5 Causes of a Jaw Tension and Our Tips to Relieve the Pain

Causes of a Jaw Tension -

5 Causes of a Jaw Tension and Our Tips to Relieve the Pain

You may not realize it, but there are many possible factors that could contribute to a tight jaw. That’s not all, your jaw tension could be putting pressure on other parts of your body, too. The pain can range from a minor nuisance to a throbbing, severe ache that nothing seems to dull. What’s even worse is our jaw helps us do so many things – chewing, talking, yawning, making facial expressions, etc. So, how are we supposed to just ignore it? We’re going to take you through 5 causes of jaw tension and our tips to relieve the pain so you can carry on with your busy day.

1. Stress

We’re going to start with the most obvious one – stress. Stress can wreak havoc on every part of your body. It can leave you thinking that there is terribly wrong with you physically only to find out that your state of mind to blame. Messed up, right? You may be jaw clenching during the day or even when you sleep without realizing it, causing tension to mandible. Stress can also cause you to grind your teeth which puts an enormous amount of pressure on your jaw.

2. Teeth grinding (Bruxism) 

The technical term for grinding your teeth is bruxism, a parafunctional habit to which stress is a major contributing factor. But stress isn’t the only cause of bruxism. It can also be caused by genetics or dental problems. If you’re grinding your teeth when you’re awake, you at least have a fighting chance of catching yourself in the act and putting a stop to it. Odds are that you’re grinding your teeth in your sleep, though, which is a little more difficult to put a stop to.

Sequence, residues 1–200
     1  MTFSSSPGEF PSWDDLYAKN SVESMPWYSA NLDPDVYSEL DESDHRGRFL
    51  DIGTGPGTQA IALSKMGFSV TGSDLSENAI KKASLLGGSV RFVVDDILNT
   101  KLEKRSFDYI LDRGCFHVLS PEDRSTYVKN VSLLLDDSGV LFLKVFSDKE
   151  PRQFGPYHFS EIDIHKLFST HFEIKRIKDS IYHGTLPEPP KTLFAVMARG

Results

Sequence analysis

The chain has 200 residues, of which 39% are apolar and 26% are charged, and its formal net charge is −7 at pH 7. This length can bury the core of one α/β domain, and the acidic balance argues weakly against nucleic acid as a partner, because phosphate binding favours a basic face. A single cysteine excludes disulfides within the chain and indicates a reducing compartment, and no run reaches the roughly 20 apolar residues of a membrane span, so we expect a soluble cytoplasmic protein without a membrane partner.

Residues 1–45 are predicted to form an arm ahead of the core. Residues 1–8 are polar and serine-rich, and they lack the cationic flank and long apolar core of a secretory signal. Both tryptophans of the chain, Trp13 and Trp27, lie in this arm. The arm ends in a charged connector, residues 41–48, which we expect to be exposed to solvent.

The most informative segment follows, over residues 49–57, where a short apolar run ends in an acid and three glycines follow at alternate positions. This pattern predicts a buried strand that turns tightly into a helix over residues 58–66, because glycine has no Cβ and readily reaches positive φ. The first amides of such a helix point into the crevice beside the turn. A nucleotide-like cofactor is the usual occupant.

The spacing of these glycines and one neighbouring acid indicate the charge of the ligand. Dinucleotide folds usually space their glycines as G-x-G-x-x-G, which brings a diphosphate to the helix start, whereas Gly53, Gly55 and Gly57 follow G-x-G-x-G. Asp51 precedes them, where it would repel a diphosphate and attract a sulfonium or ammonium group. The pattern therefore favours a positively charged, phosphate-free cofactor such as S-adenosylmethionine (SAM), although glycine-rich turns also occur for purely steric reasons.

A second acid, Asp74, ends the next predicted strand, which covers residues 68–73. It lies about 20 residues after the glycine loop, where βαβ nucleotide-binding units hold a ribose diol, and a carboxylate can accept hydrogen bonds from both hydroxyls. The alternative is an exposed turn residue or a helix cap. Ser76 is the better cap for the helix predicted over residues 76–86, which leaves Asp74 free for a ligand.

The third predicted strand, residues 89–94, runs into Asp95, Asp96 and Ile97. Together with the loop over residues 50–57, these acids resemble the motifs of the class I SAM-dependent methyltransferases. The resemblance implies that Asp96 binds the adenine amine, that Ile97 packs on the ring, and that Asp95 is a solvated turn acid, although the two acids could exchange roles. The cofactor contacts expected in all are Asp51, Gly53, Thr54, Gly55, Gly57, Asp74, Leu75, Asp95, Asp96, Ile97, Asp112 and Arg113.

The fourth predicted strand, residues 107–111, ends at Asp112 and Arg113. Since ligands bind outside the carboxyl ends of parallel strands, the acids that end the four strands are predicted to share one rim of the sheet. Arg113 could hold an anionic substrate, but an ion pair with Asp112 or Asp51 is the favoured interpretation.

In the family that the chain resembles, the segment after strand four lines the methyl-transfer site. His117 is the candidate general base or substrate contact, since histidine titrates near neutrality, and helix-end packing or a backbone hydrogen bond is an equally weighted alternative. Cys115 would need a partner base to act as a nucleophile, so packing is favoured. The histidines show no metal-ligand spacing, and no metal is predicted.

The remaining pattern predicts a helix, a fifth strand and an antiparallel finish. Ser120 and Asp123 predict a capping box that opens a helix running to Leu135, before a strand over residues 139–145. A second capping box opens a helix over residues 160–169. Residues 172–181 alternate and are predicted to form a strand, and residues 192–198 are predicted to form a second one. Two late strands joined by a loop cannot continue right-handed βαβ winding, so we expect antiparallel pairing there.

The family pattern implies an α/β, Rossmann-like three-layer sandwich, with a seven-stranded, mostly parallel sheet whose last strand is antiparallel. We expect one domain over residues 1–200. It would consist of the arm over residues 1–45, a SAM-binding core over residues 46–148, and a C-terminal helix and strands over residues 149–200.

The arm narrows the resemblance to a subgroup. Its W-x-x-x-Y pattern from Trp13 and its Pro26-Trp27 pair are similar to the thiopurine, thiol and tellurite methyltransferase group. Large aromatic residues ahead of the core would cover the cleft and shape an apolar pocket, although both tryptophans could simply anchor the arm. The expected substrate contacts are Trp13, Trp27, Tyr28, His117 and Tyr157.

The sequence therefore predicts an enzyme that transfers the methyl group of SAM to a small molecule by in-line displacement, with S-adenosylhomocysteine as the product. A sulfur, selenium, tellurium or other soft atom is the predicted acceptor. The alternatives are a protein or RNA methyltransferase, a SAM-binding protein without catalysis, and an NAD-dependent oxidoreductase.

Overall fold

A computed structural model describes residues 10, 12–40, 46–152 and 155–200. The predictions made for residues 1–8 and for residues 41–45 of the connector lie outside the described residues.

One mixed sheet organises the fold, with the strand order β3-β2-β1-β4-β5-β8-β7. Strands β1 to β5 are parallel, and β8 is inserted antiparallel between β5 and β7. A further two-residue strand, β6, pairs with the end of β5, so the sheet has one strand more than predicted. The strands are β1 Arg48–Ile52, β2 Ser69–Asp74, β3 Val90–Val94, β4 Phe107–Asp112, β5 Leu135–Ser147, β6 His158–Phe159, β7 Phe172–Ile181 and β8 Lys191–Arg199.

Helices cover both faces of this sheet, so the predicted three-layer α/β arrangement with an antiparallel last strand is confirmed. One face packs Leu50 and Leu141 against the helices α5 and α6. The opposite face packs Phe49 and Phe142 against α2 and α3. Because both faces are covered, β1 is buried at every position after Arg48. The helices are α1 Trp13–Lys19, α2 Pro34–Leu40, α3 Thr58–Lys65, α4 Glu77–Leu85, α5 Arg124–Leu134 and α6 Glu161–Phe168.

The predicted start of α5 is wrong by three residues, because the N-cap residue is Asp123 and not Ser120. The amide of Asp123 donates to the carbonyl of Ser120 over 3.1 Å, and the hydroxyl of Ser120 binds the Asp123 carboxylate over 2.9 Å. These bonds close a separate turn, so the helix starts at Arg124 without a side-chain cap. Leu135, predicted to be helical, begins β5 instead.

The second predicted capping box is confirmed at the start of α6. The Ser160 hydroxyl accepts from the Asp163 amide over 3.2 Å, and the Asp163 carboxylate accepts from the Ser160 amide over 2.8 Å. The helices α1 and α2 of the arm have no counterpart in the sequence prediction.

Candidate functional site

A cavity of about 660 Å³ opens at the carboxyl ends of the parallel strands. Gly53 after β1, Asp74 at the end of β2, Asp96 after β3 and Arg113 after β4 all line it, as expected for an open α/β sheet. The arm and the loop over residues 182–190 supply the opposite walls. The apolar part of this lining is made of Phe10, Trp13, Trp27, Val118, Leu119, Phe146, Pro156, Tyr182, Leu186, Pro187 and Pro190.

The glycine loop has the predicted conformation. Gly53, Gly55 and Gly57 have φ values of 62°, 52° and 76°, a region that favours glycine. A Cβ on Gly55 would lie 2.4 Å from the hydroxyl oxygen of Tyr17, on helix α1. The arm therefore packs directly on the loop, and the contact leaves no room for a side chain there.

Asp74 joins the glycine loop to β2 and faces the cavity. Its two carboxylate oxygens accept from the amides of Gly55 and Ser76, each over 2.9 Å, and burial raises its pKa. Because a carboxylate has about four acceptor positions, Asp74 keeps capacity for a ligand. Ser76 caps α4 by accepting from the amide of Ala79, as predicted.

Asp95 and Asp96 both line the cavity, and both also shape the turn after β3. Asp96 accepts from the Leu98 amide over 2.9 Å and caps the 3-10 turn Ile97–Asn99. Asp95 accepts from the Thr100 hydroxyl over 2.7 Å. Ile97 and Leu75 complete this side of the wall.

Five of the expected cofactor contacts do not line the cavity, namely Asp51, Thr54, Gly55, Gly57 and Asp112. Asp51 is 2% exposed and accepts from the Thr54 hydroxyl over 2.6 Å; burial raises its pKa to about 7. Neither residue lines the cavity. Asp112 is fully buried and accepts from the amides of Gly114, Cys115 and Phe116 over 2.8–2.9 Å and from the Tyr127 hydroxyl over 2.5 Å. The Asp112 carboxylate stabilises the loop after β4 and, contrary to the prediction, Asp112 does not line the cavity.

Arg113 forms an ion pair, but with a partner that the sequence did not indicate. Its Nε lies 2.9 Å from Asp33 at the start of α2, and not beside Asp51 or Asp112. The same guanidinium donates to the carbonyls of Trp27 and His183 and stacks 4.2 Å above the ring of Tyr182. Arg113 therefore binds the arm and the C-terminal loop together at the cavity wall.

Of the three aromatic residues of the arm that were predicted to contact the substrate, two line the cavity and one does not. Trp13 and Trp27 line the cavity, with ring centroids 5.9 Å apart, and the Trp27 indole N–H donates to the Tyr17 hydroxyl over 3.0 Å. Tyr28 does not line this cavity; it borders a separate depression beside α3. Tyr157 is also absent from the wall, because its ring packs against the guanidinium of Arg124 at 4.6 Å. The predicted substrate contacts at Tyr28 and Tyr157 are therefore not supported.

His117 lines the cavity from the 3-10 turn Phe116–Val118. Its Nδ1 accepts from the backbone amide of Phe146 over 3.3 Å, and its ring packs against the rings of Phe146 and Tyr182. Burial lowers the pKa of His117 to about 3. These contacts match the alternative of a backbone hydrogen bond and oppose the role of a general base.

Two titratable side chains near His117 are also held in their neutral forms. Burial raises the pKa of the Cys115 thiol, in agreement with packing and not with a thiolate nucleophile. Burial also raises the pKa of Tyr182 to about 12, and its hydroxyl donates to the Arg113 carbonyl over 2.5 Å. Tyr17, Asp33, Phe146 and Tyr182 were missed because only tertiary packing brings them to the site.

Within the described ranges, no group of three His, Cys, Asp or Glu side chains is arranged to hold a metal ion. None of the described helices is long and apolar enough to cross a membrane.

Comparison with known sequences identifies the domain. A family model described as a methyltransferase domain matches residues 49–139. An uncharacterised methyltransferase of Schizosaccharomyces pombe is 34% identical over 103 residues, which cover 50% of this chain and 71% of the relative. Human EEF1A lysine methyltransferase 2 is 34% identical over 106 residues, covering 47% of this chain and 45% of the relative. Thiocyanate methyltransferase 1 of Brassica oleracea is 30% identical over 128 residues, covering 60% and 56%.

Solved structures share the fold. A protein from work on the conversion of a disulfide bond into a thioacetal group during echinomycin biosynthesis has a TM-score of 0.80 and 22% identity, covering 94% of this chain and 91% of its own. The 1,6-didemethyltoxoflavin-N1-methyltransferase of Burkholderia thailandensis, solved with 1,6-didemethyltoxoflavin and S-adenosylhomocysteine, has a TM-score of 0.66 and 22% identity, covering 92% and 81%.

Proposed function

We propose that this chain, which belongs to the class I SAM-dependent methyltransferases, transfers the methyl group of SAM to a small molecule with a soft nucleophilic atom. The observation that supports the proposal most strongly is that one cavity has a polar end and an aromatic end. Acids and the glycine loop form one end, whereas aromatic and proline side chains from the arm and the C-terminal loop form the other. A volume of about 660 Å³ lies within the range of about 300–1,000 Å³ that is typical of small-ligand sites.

Bruxism can also be caused by recreational party drugs like MDMA or stimulants like amphetamine, cocaine, and even caffeine. This happens because these drugs increase muscle tension. Usually, this occurs only when the person is taking the drug but it can become a chronic problem with frequent drug use. 

3. Temporomandibular Joint disorder (TMJ)

Jaw tension is a huge symptom of TMJ. There is a temporomandibular joint on each side of our jawbone. This joint connects your jaw to your skull on either side, acting like a hinge. Sometimes, these joints act up through no fault of our own. Jaw tension isn’t even the only symptom of TMJ. People with TMJ report a feeling of their jaw being locked, difficulty opening their jaw, and a clicking or popping sound when opening or closing their mouth. These things are understandably painful. Unfortunately, doctors have no idea what causes TMJ, but it’s usually temporary unless you’re extremely unlucky and have what is known as chronic TMJ. This is when the symptoms last longer than three months.

4. Excessive chewing

Did you know that excessive chewing can actually cause jaw tension? This is a cause that’s completely self-inflicted, and usually comes from excessively chewing gum or any other sticky substance. 

5. Misaligned teeth